Presented in its original 2.35:1 aspect ratio, the video comes with a varied and full-bodied color palette. Primaries are quite energetic, adding to the movie's comedic feel, while secondary hues are very bold with plenty of warmth. Contrast is generally spot-on and well balanced, but in several moments the highlights run a bit hotter than normal, which tend to clip the whites in a few spots. Black levels could be much stronger as they are, for the most part, pretty dull and lackluster, creating a largely flat image with average delineation in the shadows. The high-def transfer is not a complete loss, but it falls short of perfection.
On the audio side of things, the supernatural comedy arrives with a highly enjoyable and often immersive DTS-HD Master Audio soundtrack. The surround speakers are often quite active and bustling with the noise of the city, the chatter of a crowd or the hurried pace of a busy afterlife police station. Many of the quieter scenes come with some mild effects for ambience, but the action sequences are the real showstoppers, as a diverse assortment of sounds spread all around and envelope the listener with discrete directionality. Debris from explosions spread overhead, bullets whiz by discrete from the front to the back of the room and helicopters circle the room with flawless panning.
In the fronts, imaging is a broad wall of sound, aided by the engaging score of Christophe Beck, which spreads evenly across the entire soundstage. Channel separation is incredibly well-balanced, as activity moves from one side of the screen to the other smoothly, and dialogue reproduction remains crystal-clear and precise in the center. The mid-range is not hugely impressive or exceptionally dynamic, but it's detailed and distinct, allowing for every clang, pop and crack to be perfectly heard. The low-end is probably the most disappointing aspect because it often seems lacking compared to the action on screen. There's still plenty of bass to give the scenes a bit of oomph and weight, but it also seems pretty mild and tamed. Nevertheless, many find it quite exciting.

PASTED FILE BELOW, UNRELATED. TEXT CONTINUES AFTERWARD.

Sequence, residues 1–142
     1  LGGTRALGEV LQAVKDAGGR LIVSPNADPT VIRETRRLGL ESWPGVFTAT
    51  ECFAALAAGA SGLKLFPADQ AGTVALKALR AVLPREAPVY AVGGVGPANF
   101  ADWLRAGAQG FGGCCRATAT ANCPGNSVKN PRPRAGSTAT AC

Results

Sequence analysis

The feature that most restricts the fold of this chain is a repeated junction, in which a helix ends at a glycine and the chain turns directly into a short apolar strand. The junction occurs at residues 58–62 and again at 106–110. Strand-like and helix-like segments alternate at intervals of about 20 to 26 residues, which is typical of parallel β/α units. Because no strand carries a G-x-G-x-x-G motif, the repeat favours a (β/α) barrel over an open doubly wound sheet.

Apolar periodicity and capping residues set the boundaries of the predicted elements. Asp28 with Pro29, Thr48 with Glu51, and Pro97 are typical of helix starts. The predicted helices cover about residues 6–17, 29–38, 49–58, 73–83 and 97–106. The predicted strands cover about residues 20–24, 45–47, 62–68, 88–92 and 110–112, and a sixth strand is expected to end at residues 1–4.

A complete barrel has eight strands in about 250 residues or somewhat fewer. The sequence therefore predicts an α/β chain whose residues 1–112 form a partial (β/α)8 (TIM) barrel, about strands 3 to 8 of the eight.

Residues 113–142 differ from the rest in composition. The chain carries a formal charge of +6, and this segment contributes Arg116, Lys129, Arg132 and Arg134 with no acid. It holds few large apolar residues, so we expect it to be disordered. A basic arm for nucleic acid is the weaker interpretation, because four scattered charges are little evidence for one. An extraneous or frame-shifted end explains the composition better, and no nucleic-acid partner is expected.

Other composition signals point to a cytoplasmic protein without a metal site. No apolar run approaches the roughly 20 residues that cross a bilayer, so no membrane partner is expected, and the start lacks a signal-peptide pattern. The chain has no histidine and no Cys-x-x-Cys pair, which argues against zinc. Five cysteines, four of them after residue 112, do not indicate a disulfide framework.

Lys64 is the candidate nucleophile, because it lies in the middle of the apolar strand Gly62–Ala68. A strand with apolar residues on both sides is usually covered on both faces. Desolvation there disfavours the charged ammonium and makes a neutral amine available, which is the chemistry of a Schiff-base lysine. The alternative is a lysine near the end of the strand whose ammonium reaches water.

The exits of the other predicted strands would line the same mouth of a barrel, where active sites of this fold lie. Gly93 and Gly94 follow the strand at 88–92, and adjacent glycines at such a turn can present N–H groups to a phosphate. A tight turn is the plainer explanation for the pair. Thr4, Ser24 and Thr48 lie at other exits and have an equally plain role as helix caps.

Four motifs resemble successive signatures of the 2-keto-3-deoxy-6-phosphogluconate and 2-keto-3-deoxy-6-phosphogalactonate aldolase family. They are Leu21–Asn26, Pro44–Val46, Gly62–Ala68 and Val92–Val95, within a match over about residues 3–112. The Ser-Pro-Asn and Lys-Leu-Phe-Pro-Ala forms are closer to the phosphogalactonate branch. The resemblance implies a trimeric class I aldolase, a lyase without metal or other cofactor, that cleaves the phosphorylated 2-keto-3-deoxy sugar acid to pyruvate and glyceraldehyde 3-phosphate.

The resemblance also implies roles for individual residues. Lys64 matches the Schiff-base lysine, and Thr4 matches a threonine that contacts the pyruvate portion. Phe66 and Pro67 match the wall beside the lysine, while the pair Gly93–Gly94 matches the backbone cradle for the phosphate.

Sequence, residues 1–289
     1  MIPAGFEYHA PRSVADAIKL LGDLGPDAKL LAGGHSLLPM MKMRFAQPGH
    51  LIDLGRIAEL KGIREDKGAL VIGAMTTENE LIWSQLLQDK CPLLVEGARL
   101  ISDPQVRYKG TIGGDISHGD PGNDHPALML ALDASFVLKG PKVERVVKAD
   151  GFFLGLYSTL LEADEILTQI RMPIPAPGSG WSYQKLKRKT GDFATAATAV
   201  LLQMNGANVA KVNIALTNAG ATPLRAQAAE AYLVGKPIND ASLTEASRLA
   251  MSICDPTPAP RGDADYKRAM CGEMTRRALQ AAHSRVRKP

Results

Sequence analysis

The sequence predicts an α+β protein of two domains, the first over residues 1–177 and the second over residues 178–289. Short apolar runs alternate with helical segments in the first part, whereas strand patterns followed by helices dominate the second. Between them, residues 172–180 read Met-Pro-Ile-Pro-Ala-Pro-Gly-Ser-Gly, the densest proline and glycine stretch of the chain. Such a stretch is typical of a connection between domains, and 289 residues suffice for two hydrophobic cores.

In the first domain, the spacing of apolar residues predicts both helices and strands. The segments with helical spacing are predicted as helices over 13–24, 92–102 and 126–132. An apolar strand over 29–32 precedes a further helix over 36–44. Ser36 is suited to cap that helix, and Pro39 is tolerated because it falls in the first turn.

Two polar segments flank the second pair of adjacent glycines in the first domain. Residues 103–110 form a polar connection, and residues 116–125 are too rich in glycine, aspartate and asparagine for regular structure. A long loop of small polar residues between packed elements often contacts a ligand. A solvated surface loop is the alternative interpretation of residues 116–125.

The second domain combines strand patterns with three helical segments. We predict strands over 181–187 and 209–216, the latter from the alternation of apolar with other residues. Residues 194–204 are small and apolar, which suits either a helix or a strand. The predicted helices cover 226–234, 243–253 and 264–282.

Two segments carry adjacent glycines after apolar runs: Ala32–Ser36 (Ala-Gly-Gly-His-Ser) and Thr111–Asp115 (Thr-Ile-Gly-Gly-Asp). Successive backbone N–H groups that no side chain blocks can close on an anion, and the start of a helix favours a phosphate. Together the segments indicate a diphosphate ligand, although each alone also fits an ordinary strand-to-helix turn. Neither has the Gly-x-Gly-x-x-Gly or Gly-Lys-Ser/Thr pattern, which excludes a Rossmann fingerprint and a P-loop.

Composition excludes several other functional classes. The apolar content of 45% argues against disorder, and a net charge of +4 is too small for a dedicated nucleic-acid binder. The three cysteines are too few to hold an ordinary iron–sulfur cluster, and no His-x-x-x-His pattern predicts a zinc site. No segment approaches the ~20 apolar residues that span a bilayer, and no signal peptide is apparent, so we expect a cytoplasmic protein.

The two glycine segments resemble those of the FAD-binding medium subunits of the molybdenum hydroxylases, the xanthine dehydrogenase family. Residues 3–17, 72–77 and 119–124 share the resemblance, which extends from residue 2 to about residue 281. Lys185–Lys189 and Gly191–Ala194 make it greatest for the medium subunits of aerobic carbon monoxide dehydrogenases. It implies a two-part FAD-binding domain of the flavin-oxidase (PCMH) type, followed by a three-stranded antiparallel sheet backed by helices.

Very loosely based on the comic by Peter M. Lenkov, 'R.I.P.D.' is brimming with wildly fantastic CGI marvels, sensational action sequences, and a dazzling host of colorful characters. Unfortunately, the supernatural buddy-cop fantasy is a joyless, comatose mess with leaden performances from Reynolds, Parker, and Bacon, leaving Bridges to carry the movie as the story's only highlight. The film debuts on Blu-ray with excellent picture quality and a great demo-worthy audio presentation. Universal provides a decent but small assortment of supplements, most of which are exclusive to the format, yet the overall package is ultimately a rental at best.